Distributed scanning and capture provides employees the ability to scan or capture information from individual stations and file the documents in a shared folder or into a central location. The documents are captured and indexed at the source, generally by the department or workgroup that created them and where the workflow is initiated. Distributed capture is becoming more prevalent as companies are increasingly deploying teams in offices spread across geographic locations.
Whenever I hear the word “breed” in any context, my mind automatically goes to dog breed for some reason. I can’t help it, but my mind starts to wander and think of Miniature Pinschers and Bloodhounds. At my company, we tend to use the term “best-of-breed” to describe the types of systems and solutions that we implement for our Customer Partners. This simply means that we determine what their needs and goals are, where their pains lie, and decide what the best technology is to fit those needs and goals and to hopefully reduce a number of their pain points.
Organizations are realizing more and more every day the need to reduce paper, automate labor-intense processes and eliminate duplicate tasks. Since we all know time is money, this is important now more than ever. But how do you choose the right technology to assist with this? We hear quite frequently that users are comfortable working within their line-of-business systems and that bringing in a large, complicated content management system will only confuse them. My response to this is, “Are you Powered by ILINX?”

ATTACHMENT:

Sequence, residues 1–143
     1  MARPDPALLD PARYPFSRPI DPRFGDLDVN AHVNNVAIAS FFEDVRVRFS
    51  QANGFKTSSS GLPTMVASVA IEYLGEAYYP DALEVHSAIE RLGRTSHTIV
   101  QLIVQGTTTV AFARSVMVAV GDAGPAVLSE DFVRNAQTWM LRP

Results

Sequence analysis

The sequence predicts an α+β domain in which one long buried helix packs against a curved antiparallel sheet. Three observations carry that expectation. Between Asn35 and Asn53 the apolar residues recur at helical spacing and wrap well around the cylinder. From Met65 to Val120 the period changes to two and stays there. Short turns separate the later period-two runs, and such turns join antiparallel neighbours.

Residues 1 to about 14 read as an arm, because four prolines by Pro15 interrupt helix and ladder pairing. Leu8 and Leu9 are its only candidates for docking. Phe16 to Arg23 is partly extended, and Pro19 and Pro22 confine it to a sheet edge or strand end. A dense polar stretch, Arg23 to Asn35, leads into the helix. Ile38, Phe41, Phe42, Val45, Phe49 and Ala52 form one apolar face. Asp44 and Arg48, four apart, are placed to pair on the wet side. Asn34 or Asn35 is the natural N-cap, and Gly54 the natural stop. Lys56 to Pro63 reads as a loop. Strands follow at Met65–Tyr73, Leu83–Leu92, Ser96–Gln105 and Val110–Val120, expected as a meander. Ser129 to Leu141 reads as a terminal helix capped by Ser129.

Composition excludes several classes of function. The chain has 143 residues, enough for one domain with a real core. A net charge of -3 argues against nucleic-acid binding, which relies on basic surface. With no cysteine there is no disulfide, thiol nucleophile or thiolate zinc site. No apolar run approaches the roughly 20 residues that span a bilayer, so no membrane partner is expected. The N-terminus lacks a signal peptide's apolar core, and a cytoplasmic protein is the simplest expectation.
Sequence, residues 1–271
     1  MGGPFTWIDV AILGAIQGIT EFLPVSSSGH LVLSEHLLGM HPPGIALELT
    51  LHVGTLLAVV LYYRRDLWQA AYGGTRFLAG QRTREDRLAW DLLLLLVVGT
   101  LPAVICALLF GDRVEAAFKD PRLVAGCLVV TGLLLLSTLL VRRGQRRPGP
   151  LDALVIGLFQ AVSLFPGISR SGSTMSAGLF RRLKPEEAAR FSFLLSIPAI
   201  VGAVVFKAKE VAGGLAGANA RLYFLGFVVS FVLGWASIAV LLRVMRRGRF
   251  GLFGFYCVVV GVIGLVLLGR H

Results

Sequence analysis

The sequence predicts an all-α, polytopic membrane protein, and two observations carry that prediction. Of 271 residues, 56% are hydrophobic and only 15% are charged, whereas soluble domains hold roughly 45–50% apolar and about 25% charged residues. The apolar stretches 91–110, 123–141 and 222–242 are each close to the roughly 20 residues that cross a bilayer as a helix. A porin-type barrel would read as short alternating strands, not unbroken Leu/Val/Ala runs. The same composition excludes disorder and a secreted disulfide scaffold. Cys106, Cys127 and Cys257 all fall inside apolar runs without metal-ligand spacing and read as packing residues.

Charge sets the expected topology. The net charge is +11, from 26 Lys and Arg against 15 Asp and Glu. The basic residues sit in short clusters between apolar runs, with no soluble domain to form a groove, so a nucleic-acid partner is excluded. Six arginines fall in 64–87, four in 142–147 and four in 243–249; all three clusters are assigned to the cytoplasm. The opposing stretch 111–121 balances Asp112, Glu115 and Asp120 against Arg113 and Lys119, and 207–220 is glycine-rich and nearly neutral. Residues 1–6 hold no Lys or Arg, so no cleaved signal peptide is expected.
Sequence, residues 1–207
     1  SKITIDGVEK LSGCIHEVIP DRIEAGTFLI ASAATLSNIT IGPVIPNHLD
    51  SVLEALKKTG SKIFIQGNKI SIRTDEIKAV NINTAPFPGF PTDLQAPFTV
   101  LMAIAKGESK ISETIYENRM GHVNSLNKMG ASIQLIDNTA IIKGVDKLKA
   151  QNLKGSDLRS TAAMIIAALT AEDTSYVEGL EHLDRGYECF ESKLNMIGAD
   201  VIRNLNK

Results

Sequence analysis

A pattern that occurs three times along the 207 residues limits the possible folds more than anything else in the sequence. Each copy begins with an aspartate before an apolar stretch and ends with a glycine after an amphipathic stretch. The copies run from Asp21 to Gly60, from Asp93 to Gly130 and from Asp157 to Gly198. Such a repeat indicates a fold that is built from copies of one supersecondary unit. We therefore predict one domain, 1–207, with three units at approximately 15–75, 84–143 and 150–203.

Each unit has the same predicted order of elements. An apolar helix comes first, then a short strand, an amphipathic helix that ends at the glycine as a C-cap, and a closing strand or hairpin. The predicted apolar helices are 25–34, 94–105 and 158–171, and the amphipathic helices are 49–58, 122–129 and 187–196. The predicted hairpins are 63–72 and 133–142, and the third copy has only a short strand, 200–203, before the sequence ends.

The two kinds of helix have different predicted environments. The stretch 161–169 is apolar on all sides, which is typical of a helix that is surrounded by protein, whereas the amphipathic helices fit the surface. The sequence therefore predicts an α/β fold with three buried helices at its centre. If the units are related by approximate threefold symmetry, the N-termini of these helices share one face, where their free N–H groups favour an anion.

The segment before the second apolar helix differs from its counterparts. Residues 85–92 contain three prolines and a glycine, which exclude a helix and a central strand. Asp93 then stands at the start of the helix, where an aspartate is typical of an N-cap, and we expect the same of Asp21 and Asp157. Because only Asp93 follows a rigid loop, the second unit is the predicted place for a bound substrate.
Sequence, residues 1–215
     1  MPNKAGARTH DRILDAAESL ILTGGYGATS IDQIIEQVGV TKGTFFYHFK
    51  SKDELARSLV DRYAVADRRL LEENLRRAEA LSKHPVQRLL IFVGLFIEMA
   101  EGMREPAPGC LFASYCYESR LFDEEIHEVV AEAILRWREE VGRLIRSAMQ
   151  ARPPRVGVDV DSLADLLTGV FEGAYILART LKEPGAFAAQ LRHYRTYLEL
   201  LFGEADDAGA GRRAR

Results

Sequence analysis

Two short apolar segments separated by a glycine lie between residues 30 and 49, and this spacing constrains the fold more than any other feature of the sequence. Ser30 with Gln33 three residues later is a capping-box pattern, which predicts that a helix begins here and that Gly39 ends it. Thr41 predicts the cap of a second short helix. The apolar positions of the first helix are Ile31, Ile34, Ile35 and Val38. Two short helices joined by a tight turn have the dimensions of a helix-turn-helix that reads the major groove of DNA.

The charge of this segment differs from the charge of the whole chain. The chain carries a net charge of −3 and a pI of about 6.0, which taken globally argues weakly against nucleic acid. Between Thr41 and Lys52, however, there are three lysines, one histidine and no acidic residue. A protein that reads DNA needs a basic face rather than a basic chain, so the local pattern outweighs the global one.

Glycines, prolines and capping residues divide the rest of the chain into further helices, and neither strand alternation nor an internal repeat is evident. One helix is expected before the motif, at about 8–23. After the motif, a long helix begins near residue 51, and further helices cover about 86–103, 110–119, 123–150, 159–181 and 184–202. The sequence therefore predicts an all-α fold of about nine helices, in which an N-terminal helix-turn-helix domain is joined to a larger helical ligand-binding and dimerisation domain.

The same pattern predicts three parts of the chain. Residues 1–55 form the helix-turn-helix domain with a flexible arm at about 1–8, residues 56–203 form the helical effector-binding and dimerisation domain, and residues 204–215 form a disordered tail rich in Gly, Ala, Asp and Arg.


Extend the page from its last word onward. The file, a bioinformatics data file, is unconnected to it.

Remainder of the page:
I have been with ImageSource now going on 9 years, any of my peers that know me have always heard me say at various meetings: e mail, Voicemail, Tweeting, Facebook are all great sales tools, but that is exactly what they are – TOOLS. There is no substitute for Face-to-Face meetings. I recently came across this article that I wanted to share in my blog with my peers. I think you will find it helpful and practice it in the future.
5 Reasons You Need to Meet in Person
ImageSource was the privately contracted vendor for a California County Assessor’s Office that embarked upon a major project designed to create a paperless work environment. The project processed and imaged 25 million pages of file documents. Documents were scanned at the rate of 125 images per minute, 8 hours a day. The County also implemented day-forward imaging rather than filing incoming paper documents. The entire project was completed in approximately one year.
Growing up, we learn that it’s important to plan for certain events. We plan for moving, vacations, presentations, and even certain disasters. Planning for an IT project is just as important. I recently saw a statistic that said 62% of all IT projects fail to meet their stated goals, and that more than 50% of all Enterprise Content Management projects fail. This means that it’s more important than ever to make planning your Enterprise Content Management projects top priority.